Hampstead Garden Suburb housing extension rejected by Barnet Council planning committee

Flats in Britten Close. Blocks 1-6 were subject to development plans. Picture: Google Maps

Flats in Britten Close. Blocks 1-6 were subject to development plans. Picture: Google Maps - Credit: Archant

A developer’s proposal to build an extra floor on top of existing flats in Hampstead Garden Suburb using new planning rights has been turned down.

The scheme, which would have seen 48 flats added to blocks at Chandos Way and Britten Close, was rejected by a majority of councillors at a meeting of the strategic planning committee on Tuesday (December 1).

It had been applied for under permitted development rights, which were expanded by the government this year to allow automatic permission for up to two extra storeys to be built on top of existing flats, providing certain conditions are met.

Planning chiefs at Barnet Council had deemed the development acceptable and recommended it for approval. But due to the “level of public interest” in the scheme and the history of the site – which had previously seen similar applications turned down – it was referred to the planning committee.

The council received 265 objections to the scheme, including one from MP for Finchley and Golders Green Mike Freer, and none in support.


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Nick Jenkins, of Smith Jenkins planning consultants, said: “The impact upon residential amenity would be massive – quite simply building over existing homes. Over 200 skylights will be blocked up. This cannot be right.”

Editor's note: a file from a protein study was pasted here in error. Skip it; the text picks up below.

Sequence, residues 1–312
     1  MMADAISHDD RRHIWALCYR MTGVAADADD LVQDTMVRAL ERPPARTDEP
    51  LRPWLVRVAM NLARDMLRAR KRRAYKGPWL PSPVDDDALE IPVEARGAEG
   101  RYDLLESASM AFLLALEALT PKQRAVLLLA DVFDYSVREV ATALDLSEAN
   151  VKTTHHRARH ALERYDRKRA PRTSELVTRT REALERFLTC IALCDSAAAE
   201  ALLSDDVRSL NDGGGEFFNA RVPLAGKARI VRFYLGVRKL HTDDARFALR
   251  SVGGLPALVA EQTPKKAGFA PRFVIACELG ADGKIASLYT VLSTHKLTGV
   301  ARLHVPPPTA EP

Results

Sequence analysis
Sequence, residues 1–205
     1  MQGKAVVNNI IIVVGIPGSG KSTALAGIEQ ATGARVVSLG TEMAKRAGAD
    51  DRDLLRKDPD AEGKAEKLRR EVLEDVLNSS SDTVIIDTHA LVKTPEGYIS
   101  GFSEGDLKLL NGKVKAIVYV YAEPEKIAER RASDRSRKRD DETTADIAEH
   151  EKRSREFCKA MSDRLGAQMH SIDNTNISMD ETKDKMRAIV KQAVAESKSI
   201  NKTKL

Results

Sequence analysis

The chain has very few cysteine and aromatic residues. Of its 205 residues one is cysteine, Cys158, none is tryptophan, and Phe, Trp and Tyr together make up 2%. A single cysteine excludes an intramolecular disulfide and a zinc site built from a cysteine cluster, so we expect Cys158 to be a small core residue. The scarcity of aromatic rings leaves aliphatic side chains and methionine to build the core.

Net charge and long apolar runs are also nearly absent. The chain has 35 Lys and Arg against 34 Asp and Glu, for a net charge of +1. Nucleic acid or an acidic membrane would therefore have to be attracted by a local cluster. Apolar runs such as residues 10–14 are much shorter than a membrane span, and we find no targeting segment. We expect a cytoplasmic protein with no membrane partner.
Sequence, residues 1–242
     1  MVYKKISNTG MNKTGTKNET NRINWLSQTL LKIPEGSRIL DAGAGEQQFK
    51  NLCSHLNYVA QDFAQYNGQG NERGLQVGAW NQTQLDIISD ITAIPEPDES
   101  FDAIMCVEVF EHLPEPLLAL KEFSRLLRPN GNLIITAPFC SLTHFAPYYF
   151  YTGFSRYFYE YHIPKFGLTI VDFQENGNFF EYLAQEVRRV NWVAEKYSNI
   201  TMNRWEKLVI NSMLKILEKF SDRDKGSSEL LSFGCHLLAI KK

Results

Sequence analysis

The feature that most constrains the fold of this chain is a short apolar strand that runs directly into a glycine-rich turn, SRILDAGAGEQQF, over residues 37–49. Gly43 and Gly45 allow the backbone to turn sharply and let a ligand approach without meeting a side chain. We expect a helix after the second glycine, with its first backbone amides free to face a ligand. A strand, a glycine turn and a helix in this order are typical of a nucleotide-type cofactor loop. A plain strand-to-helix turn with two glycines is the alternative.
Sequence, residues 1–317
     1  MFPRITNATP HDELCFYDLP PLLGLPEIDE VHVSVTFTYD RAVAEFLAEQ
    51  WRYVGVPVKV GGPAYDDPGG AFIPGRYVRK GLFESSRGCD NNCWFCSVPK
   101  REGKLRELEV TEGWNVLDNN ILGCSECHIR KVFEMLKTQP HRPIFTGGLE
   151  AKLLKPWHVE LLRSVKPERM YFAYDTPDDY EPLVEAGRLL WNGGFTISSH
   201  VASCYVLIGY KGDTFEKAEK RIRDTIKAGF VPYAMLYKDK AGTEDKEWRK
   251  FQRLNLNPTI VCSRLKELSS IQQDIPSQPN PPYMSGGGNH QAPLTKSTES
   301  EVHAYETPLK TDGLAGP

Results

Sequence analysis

Cllr John Marshall (Conservative, Garden Suburb) claimed the development would have a detrimental impact on a conservation area and criticised the “inadequate” parking and the plan to build over the skylights.

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The applicant defended the plans and claimed the scheme met all the conditions needed to win approval

He said it was a “carefully planned and referenced design” that would “work with the existinghandos buildings, not only in the material choice but also in massing, details and uniformity”.

The applicant also pointed out that a planning inspector had judged a previous application “would not result in unacceptable harm to the living conditions of the occupants of the existing flats”.

Councillors went on to reject the scheme on four grounds.

They said the position of the balconies did not meet one of the conditions of the new planning legislation, the scheme would unbalance the building’s appearance, increase on-street parking stress, and the lift shafts would have an impact on the amenity of existing and neighbouring residents.

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